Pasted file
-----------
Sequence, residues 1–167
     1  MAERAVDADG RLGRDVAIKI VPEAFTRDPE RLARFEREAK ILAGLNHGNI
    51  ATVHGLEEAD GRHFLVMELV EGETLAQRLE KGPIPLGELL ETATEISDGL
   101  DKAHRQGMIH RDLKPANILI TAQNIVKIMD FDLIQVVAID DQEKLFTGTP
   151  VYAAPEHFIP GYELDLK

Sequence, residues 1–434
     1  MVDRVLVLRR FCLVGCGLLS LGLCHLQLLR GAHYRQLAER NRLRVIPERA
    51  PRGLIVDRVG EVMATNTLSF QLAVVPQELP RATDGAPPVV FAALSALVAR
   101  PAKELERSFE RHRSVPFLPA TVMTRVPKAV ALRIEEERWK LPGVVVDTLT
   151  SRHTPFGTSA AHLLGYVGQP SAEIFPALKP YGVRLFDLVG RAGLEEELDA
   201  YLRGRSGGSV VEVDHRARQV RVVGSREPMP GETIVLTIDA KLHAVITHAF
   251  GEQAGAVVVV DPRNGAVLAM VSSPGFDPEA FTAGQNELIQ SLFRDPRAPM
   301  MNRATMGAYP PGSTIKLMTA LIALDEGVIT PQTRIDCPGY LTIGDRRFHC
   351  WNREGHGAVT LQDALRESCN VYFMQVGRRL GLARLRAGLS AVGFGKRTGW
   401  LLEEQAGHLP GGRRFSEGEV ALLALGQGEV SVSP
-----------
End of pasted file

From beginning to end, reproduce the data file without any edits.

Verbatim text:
Sequence, residues 1–167
     1  MAERAVDADG RLGRDVAIKI VPEAFTRDPE RLARFEREAK ILAGLNHGNI
    51  ATVHGLEEAD GRHFLVMELV EGETLAQRLE KGPIPLGELL ETATEISDGL
   101  DKAHRQGMIH RDLKPANILI TAQNIVKIMD FDLIQVVAID DQEKLFTGTP
   151  VYAAPEHFIP GYELDLK

Sequence, residues 1–434
     1  MVDRVLVLRR FCLVGCGLLS LGLCHLQLLR GAHYRQLAER NRLRVIPERA
    51  PRGLIVDRVG EVMATNTLSF QLAVVPQELP RATDGAPPVV FAALSALVAR
   101  PAKELERSFE RHRSVPFLPA TVMTRVPKAV ALRIEEERWK LPGVVVDTLT
   151  SRHTPFGTSA AHLLGYVGQP SAEIFPALKP YGVRLFDLVG RAGLEEELDA
   201  YLRGRSGGSV VEVDHRARQV RVVGSREPMP GETIVLTIDA KLHAVITHAF
   251  GEQAGAVVVV DPRNGAVLAM VSSPGFDPEA FTAGQNELIQ SLFRDPRAPM
   301  MNRATMGAYP PGSTIKLMTA LIALDEGVIT PQTRIDCPGY LTIGDRRFHC
   351  WNREGHGAVT LQDALRESCN VYFMQVGRRL GLARLRAGLS AVGFGKRTGW
   401  LLEEQAGHLP GGRRFSEGEV ALLALGQGEV SVSP